Bandwagon, Vol. 3, No. 4 (Aug), 1944. Note: Only some articles are included in this online edition. Illustrations are not included.
This is the story of the famous Circus Orlando in the year 1910, and if not the largest foreign circus, it was by far the most lavish and elaborate. Had only one ring, but this ring was extra large and the show traveled by train.
Its season’s travels took it through Sweden, Norway, Denmark and some parts of Germany. Played indoors at such places as the Hippodrome in Malmo, Sweden and the Tivoli in Copenhagen, Denmark.
While playing in Stockholm, Sweden in 1910 the show was attended by Count Sparre, a Lieutenant in the Swedish Army and at the time a married man and quite a dashing fellow. He saw the show and instantly fell in love with Rivira Madigan, the tight rope walker, and one of the features of the show. It seemed she also fell in love with him, or his flashy uniform and dashing manner, and to cut the story short they eloped to Copenhagen.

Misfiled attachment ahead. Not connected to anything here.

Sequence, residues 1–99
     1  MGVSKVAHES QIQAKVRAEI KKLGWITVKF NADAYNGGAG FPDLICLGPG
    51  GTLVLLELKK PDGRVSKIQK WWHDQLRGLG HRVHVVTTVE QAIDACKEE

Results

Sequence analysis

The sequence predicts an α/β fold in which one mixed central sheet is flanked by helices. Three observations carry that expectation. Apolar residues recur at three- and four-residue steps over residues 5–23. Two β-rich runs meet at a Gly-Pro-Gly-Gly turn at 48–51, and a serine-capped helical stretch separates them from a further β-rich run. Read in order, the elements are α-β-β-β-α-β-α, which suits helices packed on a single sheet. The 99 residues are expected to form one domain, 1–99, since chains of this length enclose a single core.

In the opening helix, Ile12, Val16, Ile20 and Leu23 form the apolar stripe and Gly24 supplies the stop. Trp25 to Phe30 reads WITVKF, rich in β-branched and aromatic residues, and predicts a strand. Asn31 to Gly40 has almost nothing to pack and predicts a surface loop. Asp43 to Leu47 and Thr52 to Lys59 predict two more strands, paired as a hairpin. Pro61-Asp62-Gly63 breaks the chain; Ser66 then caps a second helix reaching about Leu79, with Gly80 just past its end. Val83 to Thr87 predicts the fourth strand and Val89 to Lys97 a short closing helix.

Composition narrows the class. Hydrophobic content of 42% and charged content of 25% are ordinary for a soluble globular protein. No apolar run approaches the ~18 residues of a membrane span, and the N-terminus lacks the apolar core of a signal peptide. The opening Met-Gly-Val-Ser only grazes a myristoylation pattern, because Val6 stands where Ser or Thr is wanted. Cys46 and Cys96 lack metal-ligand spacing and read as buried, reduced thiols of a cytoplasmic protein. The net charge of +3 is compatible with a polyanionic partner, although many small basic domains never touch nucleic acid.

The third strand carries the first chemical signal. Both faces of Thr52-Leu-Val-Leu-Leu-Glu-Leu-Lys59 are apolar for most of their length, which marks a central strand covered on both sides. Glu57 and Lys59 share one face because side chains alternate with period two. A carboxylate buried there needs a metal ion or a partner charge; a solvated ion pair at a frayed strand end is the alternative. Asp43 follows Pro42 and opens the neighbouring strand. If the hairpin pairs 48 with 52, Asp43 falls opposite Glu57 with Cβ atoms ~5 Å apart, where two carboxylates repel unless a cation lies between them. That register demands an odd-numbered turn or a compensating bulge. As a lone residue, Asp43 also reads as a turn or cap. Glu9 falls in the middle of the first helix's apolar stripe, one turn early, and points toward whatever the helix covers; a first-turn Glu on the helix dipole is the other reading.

In Copenhagen they lived happily for quite awhile and in one room, until the Swedish Army got to looking for him for desertion, and finally located him.
Somehow or other he found out an hour before they were supposed to seize him and he shot his wife and then himself. Exit the lovers. Sometime later a song was written and published about this famous love story and in some parts of the country is sung today.
Back to the circus - which for a grand finale converted the ring into a large tank and displayed their “Spec” called Water Pantomime. This all took place in and on the water in the tank, with characters representing Neptune, Mermaids, Fish, etc. Finally a bridge was placed over the tank and the personnel and animals paraded over it. This was all concluded when riders dressed as Knights of the Round Table and King Arthur’s Court, rode on the bridge and fought with the rival group of riders. Many of the men were unhorsed and sent into the so called briny deep of the tank.
This well known circus owner was born Andrew Downie McPhee, August 13th, 1863 at Stephens Township, Ontario, Canada. Died December 7th, 1930 at Medina, N.Y.